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Screenshot / Tik Tak

Penn’s student body now has a new mode of communication at its disposal with the introduction of the anonymous messaging application Tik Tak.

Created by Engineering sophomore Colby Cox and Wharton sophomore Amanda Zhu, who is a Daily Pennsylvanian Analytics staffer, the app closely resembles the form and function of Yik Yak, which went out of business earlier this year. Like Yik Yak, Tik Tak users can write anonymous posts that will be seen by other users nearby, Zhu said. Users can also vote posts up or down or leave comments on them. 

Cox said he sees potential for the app to become a less “superficial” and “more accessible” way to expand the content currently posted on Penn’s Facebook meme group. 

“We are not trying for perfect uniqueness,” Cox said. Instead, he said they hope to “provide a healthy community for people so they don’t have to worry about dealing with the [problematic] content that Yik Yak had.”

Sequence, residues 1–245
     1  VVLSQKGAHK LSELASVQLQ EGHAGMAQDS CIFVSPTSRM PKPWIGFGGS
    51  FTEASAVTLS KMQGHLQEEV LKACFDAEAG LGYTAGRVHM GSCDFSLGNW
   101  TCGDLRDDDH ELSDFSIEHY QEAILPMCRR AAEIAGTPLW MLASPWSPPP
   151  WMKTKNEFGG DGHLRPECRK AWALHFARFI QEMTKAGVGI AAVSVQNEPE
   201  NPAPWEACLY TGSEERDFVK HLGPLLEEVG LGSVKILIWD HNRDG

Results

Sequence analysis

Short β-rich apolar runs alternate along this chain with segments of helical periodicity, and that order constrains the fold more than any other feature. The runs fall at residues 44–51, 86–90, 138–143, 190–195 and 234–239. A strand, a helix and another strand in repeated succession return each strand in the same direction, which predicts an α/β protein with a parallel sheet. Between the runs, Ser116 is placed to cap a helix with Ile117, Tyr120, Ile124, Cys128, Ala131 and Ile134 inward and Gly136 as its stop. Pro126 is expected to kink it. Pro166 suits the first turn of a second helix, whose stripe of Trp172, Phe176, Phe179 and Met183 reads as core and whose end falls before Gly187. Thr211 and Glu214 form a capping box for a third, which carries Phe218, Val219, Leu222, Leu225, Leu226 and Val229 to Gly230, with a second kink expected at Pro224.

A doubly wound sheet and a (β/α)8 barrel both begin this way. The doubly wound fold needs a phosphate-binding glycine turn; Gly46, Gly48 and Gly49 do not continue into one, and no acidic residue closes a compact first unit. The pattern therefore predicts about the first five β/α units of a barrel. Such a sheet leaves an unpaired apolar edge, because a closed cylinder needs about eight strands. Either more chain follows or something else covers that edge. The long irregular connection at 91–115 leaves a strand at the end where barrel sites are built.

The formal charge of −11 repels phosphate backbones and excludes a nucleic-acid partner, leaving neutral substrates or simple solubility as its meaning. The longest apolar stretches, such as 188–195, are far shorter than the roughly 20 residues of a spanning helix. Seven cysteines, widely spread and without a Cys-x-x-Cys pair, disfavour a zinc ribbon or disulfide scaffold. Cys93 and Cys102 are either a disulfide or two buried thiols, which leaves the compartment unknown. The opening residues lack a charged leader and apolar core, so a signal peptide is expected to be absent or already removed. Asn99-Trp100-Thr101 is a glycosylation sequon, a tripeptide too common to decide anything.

Yik Yak was no stranger to controversy during its peak of popularity; the platform regularly drew criticism for the prevalence of discriminatory and hurtful posts. Several universities, including Colgate University and Clemson University, considered banning Yik Yak in light of student body complaints. 

In May, former students of the University of Mary Washington filed a federal complaint accusing the school of failing to protect them from threats of physical and sexual violence made on Yik Yak.

Tik Tak’s creators said they hope to address this issue by allowing users to flag posts that they find offensive and block the offenders from their feed. Yik Yak also included a feature where users could flag inappropriate or offensive posts. 

Cox said Tik Tak will hold users accountable by requiring them to sign in with a phone number, making it easier to identify users who abuse the platform. 

Wharton freshman Jake Milner, whose high school banned the app during his freshman year because students used it to bully and harass other students, said the anonymity of platforms like Yik Yak can often be problematic. 

“People will say just about anything if they don’t have to take responsibility for it,” he said. 

Cox and Zhu disagreed, adding that the app fills a void in the online communications market “for anonymous platforms that can be curated in a responsible way.”